While this seems like a privilege, it may be the only source of a retirements funds a person has, making their position a little more precarious if they defaulted on the mortgage.
The challenge for landlords
The typical image of an ultra-wealthy property tycoon isn’t representative of the average landlord.
While some landlords are privileged, others come from more humble backgrounds.
They may be renting out their home while providing live-in care to a family member or chose to rent out a family member’s home following their death.
Many landlords also purchased when prices were far lower and may not be able to make the same investments today.
Landlords aren’t automatically wealthy enough to brush off rent arrears or absorb interest rate hikes.
Most landlords are not institutional investors with millions in the bank.
The government’s 2021 English Private Landlord Survey found that 43 per cent of landlords own just one rental property, with 39 per cent owning between two and four. Just 18 per cent of landlords own more than five properties.
However, lots of people invest in property using a buy-to-let mortgage, with the sole intention of renting it out.
Their tenants’ rent generally only covers the cost of the mortgage.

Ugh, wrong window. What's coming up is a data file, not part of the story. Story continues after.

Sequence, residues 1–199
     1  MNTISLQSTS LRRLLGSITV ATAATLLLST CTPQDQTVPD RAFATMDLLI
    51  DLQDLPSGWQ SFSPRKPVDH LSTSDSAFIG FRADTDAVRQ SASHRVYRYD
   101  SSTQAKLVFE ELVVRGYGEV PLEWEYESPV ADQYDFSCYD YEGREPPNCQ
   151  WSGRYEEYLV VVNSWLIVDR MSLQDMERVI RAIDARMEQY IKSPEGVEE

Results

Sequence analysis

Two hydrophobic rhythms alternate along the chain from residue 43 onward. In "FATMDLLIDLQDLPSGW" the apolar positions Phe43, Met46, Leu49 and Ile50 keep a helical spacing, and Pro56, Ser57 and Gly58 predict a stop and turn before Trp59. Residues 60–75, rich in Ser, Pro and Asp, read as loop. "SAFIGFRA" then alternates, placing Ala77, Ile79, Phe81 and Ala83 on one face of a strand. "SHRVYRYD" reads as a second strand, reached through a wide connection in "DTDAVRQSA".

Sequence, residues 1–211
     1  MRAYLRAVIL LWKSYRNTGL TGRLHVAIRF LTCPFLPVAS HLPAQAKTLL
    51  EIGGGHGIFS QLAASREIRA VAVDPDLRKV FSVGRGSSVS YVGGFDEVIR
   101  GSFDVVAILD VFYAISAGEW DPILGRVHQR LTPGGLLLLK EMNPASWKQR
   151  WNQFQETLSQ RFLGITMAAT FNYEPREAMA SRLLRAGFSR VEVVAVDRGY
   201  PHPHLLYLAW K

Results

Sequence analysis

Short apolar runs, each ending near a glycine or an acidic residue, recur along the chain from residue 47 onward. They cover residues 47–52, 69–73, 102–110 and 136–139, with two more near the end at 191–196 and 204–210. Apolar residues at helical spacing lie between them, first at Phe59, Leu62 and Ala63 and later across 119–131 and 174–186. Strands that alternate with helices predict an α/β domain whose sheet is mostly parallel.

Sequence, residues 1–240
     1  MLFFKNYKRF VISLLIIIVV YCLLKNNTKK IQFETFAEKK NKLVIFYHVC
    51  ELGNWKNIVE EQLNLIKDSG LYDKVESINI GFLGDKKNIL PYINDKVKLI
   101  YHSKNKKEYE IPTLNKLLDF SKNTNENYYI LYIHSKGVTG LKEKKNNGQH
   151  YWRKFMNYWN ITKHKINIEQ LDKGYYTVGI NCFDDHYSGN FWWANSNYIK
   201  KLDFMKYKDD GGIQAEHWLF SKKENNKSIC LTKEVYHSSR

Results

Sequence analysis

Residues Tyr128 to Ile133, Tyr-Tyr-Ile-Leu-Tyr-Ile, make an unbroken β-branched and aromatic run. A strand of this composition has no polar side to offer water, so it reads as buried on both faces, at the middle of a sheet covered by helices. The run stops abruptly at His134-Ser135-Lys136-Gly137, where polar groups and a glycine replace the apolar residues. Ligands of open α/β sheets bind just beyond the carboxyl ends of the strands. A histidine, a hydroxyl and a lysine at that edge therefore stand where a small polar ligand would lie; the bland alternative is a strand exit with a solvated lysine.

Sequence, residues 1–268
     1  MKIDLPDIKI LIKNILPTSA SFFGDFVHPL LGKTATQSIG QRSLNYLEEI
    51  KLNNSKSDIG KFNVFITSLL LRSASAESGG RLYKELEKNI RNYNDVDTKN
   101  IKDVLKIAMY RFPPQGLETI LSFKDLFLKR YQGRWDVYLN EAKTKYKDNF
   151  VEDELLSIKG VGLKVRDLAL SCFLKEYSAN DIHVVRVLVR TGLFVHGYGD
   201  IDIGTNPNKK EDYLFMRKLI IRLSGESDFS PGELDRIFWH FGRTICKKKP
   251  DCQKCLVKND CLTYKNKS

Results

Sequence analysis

Recent interest rate hikes have added hundreds of pounds to their monthly repayments, leaving landlords no choice but to pass on the increase or sell.
Another challenge for landlords is that some tenants will neglect their properties and fail to pay rent by choice, rather than because of genuine hardship.
Repossessing the property can take up to nine months and they could get it back in a terrible state, leaving landlords with a huge bill for rent arrears and an extensive property refurbishment.
Are UK landlords selling their properties?
The number of buy-to-let mortgages remains on an upward trend, with the number of annual approvals doubling to 211,000 between 2012 and 2022.
However, numbers dipped significantly during the pandemic to 179,000 — perhaps as cautious investors paused their plans or landlords were forced to sell due to financial pressures.
Though it’s not yet reflected in the figures, anecdotal evidence suggests many landlords are looking to sell their properties.
One Suffolk-based landlord, who found some of her tenants stopped paying rent during the Covid pandemic, explained to the Financial Times:
“In the next six to 12 months, [being a landlord is] only going to get riskier as people are going to be really stretched about what they can afford to pay in terms of energy and food costs. After that, if we’re lucky, they might be able to pay their rent.”